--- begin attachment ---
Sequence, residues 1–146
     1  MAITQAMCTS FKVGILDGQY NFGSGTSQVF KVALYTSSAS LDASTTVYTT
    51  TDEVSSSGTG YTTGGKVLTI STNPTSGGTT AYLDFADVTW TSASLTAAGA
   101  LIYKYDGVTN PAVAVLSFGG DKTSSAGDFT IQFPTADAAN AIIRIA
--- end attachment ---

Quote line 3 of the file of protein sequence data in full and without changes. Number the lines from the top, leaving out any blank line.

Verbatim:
    51  TDEVSSSGTG YTTGGKVLTI STNPTSGGTT AYLDFADVTW TSASLTAAGA